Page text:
Cathy Porter review of Perturbations

Cathy Porter
Review of Perturbations by Gary Beck
Winter Goose Publishing 2017

While reading Gary Beck’s latest poetry collection, Perturbations, I’m drawn to comparisons to the latest release from Lizzy Goodman, “Meet Me In The Bathroom,” –covering the rebirth of rock in New York from 2001-2011, in the words of the musicians and players, big and small, who helped revitalize the scene during those crucial years in our history. What’s the connection? In both Mr. Beck’s recent collection and the Goodman book, I find an intriguing dynamic between the societal and the personal. In the Goodman book, the best sections are when various individuals discuss their emotions after 9/11 in the music community of New York. In Mr. Beck’s collection, the poems I find the most riveting are the ones where the author focuses on the personal, but always keeping in mind societal aspects of all of our lives. Reading the collection, I can see the skyline of Manhattan; imagine the characters as they maneuver through the grime of life.

The author moves in and out of life, love, and everyday chaos in a collection that feels more personal than previous works. In “Remote Companions,” the main character struggles with imagining others suffer as he does: “it’s hard to see our neighbors and friends/with the same torments.” I feel many of us, when going through various traumas, have a hard time realizing that we really are not that different from most people, and most of us DO suffer in life-just some more than others, but all eventually taking a turn. “Night Shift” takes a look at shift workers, and all who have worked “the odd hours.” As someone who used to work many “odd hours”, this poem has stayed with me, cemented in my brain. “Common Sparrow” is a definite highlight, and in my opinion, a wonderful love poem without coming off overtly sentimental or over the top: “I passed my hand/across the smoothness/of your freckled back”/. Beautiful. A nice break in a book that covers some familiar ground of society’s ills, and all the problems of living in a big city, dealing with love, loss and torment.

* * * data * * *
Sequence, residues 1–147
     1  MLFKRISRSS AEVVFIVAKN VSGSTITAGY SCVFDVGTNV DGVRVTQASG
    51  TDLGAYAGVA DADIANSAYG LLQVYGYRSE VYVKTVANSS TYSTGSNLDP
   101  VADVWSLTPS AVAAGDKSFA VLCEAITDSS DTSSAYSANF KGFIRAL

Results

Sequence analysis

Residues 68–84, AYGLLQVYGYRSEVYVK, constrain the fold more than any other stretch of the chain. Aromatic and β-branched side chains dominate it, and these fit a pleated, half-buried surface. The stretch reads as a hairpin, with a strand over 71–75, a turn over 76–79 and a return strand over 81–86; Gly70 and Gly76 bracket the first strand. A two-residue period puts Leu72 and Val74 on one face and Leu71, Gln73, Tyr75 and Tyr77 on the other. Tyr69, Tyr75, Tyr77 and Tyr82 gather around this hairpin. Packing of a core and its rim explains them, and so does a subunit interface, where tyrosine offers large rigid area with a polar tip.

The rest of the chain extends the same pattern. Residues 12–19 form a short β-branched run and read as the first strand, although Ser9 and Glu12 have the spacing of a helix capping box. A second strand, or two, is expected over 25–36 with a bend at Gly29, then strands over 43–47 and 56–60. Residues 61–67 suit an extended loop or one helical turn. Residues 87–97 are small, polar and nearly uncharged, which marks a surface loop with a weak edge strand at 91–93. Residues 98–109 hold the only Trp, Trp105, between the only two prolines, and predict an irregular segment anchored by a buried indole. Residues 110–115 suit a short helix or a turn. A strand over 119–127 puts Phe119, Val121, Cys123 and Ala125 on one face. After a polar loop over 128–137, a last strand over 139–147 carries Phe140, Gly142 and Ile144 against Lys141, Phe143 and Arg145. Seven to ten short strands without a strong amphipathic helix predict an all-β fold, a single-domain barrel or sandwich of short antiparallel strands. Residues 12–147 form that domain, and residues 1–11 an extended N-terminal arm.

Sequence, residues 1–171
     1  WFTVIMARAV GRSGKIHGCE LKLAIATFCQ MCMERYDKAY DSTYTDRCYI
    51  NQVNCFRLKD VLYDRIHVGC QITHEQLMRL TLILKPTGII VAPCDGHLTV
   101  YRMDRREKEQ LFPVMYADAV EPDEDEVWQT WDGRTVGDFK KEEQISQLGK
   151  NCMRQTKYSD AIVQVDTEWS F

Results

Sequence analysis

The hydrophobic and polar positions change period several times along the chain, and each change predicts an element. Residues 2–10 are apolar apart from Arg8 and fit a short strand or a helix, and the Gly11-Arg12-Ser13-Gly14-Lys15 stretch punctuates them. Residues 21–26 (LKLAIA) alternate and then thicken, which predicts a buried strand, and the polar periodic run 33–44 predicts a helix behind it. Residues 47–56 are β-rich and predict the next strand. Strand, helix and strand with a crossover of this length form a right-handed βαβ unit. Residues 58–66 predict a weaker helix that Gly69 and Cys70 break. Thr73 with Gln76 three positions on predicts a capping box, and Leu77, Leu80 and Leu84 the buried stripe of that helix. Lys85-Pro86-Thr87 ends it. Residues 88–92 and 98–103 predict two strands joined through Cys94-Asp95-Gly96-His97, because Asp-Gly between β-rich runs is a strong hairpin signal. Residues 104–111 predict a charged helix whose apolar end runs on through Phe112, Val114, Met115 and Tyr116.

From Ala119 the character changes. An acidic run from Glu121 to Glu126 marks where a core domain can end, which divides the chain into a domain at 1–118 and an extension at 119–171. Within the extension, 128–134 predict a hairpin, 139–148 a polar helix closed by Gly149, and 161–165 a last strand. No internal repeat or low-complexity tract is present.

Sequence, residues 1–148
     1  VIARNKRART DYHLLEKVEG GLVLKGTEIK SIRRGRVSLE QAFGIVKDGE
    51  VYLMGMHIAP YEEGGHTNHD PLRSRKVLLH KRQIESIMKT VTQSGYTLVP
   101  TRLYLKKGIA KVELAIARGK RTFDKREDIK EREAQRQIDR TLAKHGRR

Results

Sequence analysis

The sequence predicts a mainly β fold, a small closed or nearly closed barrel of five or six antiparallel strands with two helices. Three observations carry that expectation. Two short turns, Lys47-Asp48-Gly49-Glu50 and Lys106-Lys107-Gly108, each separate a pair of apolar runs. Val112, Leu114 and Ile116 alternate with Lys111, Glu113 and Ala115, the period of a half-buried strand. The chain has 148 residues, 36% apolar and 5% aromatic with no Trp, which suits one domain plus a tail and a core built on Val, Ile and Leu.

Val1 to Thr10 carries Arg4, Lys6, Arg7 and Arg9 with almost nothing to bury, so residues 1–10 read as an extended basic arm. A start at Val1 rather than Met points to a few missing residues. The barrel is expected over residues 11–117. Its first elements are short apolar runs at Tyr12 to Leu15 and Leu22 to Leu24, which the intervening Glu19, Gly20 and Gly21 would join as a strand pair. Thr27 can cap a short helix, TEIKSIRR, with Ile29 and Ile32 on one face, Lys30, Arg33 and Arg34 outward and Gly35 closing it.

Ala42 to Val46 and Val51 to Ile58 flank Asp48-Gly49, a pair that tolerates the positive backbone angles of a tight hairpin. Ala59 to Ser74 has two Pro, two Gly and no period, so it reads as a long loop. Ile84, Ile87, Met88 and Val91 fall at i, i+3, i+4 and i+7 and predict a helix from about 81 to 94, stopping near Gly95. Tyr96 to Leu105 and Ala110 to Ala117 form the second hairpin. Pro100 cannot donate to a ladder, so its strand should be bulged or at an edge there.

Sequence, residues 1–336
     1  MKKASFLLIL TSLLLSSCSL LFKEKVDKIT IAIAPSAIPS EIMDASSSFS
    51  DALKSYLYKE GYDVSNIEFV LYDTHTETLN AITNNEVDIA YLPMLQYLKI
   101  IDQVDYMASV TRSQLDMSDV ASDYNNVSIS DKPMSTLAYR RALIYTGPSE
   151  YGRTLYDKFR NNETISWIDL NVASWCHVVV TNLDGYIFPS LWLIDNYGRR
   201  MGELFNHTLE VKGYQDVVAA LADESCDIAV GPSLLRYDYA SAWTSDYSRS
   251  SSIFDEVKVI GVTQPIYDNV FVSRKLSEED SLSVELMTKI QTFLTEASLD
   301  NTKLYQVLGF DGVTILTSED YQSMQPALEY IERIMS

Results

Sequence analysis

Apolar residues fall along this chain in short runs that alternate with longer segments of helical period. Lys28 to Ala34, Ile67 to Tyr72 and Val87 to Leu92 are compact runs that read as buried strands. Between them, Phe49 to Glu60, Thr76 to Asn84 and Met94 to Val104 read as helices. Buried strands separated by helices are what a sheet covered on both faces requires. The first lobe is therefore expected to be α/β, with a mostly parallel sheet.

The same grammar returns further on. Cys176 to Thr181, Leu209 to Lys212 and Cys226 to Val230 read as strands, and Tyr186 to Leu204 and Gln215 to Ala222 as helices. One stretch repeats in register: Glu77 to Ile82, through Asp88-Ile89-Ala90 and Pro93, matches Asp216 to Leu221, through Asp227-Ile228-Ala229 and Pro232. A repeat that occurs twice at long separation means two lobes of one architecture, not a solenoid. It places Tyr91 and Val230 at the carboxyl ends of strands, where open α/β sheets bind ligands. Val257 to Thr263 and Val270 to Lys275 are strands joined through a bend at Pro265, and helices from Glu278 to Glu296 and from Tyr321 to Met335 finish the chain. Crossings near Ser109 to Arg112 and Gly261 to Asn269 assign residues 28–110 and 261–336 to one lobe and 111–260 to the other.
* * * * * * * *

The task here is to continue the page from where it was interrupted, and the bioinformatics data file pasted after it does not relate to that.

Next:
If you are familiar with Gary Beck’s work, I see no reason why this collection shouldn’t take your interest further. It is a bit different in terms of more poems dealing with the personal, but overall, it ties in nicely with his other releases. There is something here for everyone. A great collection that will hold your interest. Highly recommended.

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